During the 13-year follow-up period, sedentary time increased from approximately six hours per day to nine hours per day. Light physical activity decreased from six hours per day to three hours per day, while moderate to vigorous physical activity remained relatively stable at about 50 minutes per day from childhood to young adulthood. The average increase in total cholesterol was 0.69 mmol/l and was observed to be independent of body fat.
An average of four and a half hours of light physical activity per day from childhood to young adulthood led to a causative decrease in total cholesterol (-0.53 mmol/l), although body fat mass may reduce the effect of light physical activity on total cholesterol by up to six percent. Approximately 50 minutes of moderate to vigorous physical activity per day since childhood was also associated with a slight decrease in total cholesterol (-0.05 mmol/l), but total body fat mass reduced the effect of moderate to vigorous physical activity on total cholesterol by up to 48 percent. Importantly, the increase in fat mass nullified the small effect of moderate to vigorous physical activity on total cholesterol levels.
The work is titled „Associations between sedentary time and physical activity since childhood with lipids: a 13-year mediation and time study“ and published in the Journal of Clinical Endocrinology & Metabolism. These results come shortly after another study led by Dr. Andrew Agbaje was published this week in Nature Communications, which found that light physical activity can completely reverse obesity in children associated with prolonged sedentary time. Sedentary time contributed seven to ten percent to the total fat mass that increased from childhood to young adulthood. Light physical activity reduced the overall increase in fat mass by 9.5-15 percent, while moderate to vigorous physical activity reduced fat mass by 0.7-1.7 percent.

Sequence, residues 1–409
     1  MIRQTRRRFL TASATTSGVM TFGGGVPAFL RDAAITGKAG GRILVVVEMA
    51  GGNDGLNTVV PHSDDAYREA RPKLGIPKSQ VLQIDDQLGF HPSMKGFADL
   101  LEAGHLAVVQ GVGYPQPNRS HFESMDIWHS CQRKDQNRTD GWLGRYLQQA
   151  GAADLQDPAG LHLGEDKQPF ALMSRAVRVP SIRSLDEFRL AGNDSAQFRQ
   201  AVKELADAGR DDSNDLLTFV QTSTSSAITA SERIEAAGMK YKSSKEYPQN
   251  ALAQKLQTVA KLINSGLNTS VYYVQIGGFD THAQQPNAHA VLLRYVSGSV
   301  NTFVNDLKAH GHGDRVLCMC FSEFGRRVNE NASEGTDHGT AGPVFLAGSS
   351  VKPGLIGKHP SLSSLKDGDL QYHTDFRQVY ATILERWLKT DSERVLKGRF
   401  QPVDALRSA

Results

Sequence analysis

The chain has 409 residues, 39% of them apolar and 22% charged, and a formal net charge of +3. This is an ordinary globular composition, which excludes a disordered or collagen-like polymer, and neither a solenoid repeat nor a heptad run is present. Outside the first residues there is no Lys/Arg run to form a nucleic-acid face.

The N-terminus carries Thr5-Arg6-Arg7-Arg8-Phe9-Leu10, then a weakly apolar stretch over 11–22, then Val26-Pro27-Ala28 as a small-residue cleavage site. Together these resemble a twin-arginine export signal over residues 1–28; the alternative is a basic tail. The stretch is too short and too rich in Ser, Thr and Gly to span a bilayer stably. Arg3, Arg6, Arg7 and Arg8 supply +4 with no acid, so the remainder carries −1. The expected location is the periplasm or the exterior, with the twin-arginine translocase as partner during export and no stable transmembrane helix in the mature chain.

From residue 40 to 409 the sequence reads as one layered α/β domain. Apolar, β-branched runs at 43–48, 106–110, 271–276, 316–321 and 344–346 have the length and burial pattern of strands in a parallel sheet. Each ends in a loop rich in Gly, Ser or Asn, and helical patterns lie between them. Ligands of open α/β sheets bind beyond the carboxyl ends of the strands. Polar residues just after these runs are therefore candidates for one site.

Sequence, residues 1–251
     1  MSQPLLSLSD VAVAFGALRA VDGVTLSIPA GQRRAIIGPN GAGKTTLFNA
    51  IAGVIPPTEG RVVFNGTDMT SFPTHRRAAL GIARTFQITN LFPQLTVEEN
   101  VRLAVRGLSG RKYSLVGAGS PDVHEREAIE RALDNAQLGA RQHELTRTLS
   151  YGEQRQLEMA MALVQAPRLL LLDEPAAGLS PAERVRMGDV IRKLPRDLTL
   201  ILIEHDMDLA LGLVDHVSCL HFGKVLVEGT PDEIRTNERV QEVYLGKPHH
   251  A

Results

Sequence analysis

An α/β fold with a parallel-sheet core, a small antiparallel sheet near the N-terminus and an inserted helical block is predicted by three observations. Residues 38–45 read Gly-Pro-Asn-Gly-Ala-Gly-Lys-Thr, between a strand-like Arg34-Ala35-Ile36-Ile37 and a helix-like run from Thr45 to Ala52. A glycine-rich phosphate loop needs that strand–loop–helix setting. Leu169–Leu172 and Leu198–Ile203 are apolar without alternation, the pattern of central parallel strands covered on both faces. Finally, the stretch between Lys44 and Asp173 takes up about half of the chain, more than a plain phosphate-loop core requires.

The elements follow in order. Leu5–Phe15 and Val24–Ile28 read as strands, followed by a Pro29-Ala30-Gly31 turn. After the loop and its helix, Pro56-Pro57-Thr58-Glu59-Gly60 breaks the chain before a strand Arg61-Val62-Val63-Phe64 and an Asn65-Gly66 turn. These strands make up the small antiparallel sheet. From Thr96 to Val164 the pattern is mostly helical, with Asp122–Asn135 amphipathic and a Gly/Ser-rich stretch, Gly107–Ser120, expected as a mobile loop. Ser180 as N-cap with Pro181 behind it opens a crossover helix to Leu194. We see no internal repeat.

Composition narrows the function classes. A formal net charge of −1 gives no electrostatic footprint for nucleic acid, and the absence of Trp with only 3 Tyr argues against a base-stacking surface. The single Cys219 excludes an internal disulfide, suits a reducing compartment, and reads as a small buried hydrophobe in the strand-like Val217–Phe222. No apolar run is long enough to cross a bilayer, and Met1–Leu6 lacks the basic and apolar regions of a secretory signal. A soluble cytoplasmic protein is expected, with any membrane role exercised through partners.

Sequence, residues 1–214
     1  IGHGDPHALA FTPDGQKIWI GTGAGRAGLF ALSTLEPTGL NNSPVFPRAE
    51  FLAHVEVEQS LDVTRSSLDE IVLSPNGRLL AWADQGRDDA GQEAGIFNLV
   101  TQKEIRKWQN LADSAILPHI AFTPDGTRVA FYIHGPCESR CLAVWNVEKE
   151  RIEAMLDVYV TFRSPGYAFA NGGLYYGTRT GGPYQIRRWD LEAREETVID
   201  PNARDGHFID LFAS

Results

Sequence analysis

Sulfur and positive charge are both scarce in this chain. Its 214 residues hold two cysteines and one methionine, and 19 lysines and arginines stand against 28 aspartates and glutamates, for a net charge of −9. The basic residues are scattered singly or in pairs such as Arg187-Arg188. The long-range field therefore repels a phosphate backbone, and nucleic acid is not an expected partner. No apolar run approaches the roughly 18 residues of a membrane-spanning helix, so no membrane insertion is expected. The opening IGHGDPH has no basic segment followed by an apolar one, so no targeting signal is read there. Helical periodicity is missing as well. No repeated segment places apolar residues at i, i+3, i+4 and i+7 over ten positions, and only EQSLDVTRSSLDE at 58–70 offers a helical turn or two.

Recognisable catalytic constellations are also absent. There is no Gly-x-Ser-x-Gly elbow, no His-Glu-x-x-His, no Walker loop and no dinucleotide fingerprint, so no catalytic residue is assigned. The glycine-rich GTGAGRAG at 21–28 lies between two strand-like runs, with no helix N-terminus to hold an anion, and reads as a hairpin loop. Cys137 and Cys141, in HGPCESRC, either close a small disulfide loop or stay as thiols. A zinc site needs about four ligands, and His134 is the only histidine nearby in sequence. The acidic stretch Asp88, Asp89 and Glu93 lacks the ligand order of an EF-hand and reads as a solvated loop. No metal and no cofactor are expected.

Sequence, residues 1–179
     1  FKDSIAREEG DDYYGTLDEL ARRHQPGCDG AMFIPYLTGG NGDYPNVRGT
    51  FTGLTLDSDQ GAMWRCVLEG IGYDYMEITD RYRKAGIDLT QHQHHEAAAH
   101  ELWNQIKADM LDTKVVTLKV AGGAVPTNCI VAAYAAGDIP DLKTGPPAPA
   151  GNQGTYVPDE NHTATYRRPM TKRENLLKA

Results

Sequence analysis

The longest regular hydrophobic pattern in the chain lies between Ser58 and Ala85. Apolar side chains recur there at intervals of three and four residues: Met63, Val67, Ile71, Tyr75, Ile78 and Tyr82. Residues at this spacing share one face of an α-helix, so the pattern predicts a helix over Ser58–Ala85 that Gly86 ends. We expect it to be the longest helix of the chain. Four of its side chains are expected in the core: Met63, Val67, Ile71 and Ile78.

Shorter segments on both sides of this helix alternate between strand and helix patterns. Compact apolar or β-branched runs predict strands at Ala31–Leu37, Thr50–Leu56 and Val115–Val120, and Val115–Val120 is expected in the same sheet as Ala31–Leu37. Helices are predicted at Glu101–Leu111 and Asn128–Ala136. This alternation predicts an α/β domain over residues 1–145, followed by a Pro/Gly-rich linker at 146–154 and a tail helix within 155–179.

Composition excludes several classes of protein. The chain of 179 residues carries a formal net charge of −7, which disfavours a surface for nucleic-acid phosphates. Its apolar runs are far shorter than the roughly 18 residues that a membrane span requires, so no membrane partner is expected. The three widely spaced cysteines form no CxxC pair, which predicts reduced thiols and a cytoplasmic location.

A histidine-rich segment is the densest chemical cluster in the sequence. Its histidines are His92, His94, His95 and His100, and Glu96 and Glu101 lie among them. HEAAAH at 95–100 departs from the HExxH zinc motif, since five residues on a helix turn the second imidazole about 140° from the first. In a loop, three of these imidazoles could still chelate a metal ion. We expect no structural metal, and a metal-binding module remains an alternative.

Our investigations suggest that light physical activity could be an unsung hero, and it is time for the world to replace the mantra of „average 60 minutes of moderate to vigorous physical activity per day“ with „at least 3 hours of light physical activity per day.“ Light physical activity appears to be the antidote to the catastrophic effects of sedentary time on the young population.
Dr. Andrew Agbaje, University of Exeter
Dr. Andrew Agbaje’s research group (urFIT-Kind) is supported by research fellowships from the Jenny and Antti Wihuri Foundation, the Central Fund of the Finnish Cultural Foundation, the North Savo Regional Fund of the Finnish Cultural Foundation, the Orion Research Foundation, the Aarne Koskelo Foundation, the Antti and Tyyne Soininen Foundation, the Paulo Foundation, the Yrjö Jahnsson Foundation, the Paavo Nurmi Foundation, the Finnish Foundation for Cardiovascular Research, the Ida Montin Foundation, the Foundation for Pediatric Research, and the Alfred Kordelin Foundation.
Agbaje, AO, (2023) Associations between sedentary time and physical activity since childhood with lipids: a 13-year mediation and time study. The Journal of Clinical Endocrinology & Metabolism. doi.org/10.1210/clinem/dgad688.